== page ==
Alexander Vlahos: 'I watch WWE wrestling in my spare time'

The ”Versailles” actor is set to play Romeo in Lindsay Posner’s production at the pop-up Shakespeare’s Rose Theatre in York

Alexander Vlahos
Alexander Vlahos

Alexander Vlahos is part of an exciting new theatre season up in York – the opening of the Rose Theatre, a pop-up space set to house Shakespeare productions in an outdoor, tailor-made venue. Vlahos, whose screen credits include Philippe in Versailles and Mordred in Merlin will be playing two characters in the season – Catesby in Richard III and star-crossed lover Romeo in the new production of Romeo and Juliet.

1. How are you feeling about returning to Shakespeare?
Terrified and excited in equal measure. I had one of those dream experiences playing Malcolm in Ken's [Kenneth Branagh] Macbeth which left me craving more.

2. Is Romeo a dream role?
Funnily enough, I thought the casting bracket of Romeo had passed me by. I'm turning 30 this year, I'll be Romeo on my birthday – which to my mind seems absolutely hilarious. Tackling the youthful side to him, the teenage love and what that entails has been the biggest challenge. It's a daily reminder that tapping into that exuberance and wilful naivety is what determines Romeo's decisions and makes the play even more heartbreaking. They're kids, madly in love, but kids at the end of the day.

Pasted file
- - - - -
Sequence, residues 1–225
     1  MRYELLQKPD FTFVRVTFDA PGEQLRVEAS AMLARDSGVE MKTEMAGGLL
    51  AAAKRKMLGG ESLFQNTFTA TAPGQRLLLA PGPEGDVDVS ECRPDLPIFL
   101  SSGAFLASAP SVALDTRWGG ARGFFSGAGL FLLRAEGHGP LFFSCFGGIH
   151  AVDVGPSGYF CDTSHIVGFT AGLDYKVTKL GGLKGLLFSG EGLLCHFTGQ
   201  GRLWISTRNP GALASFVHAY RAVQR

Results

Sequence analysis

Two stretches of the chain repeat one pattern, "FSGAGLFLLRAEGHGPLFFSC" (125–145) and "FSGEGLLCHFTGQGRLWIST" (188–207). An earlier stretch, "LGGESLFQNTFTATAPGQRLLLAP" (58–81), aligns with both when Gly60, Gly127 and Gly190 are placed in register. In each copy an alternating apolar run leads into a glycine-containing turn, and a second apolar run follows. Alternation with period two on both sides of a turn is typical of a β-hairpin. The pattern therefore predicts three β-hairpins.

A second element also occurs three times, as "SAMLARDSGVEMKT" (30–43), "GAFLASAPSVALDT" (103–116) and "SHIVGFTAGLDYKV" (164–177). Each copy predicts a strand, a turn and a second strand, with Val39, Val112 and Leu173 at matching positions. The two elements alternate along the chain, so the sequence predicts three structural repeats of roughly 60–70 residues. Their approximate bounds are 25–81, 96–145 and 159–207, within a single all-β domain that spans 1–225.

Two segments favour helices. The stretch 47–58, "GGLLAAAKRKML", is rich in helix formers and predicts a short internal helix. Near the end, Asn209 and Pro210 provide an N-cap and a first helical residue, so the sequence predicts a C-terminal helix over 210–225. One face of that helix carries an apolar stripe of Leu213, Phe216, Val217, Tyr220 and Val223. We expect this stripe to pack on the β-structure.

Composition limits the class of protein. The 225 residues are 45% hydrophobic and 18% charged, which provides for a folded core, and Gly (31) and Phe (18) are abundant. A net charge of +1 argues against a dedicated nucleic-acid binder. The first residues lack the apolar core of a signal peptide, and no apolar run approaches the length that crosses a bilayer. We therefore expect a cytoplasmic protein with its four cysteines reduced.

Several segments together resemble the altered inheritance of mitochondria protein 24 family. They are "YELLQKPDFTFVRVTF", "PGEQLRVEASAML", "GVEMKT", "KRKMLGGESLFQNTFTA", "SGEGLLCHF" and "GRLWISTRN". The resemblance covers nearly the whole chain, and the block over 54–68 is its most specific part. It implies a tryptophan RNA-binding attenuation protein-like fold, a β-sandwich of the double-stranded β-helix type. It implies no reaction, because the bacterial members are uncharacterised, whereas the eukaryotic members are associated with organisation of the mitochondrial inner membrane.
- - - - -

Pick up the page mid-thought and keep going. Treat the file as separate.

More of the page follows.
3. How have rehearsals been going?
It's been unique, to say the least. Given the once in a lifetime opportunity that the stage represents – a pop-up classic Shakespearean theatre – it's been interesting getting to grips with what the space will look and feel like. The company are amazing, especially my Juliet, Alexandra Dowling, who has been a gift of a partner in this. We've worked together, as star-crossed lovers, in BBC's Merlin. So the shorthand that comes with knowing each other made rehearsals a much more rewarding prospect.

4. What can audiences expect from this version of Romeo and Juliet?
Heartache filled to the brim with energy. Our director has set it in a period of time within Italy's political world which adds yet another layer, without imposing too much into the text.

5. It's in an open air theatre, have you talked about what would happen if it rains?
Luckily the actors on stage are covered by, and to quote Hamlet, "this brave o'erhanging firmament" – so I'm less concerned about us and more so the groundlings. It definitely adds an element of risk to it all.

6. What's Lindsay Posner like as a director?
Wickedly intelligent, funny and diligent. He's a great admirer of the Bard's words, and is relentless in making sure we as actors are using those words, the dexterity, the range in the language to inform our decisions and push the play on. I'm learning a lot from Lindsay, even though he's a Tottenham Hotspur fan.

7. Why did you choose to do this production?
I quite like that we're the first company to attempt this and I've never been to York, so that's a first and playing Romeo is a first. A lot of exciting firsts!

8. Will you be bringing any of Philippe to the role of Romeo?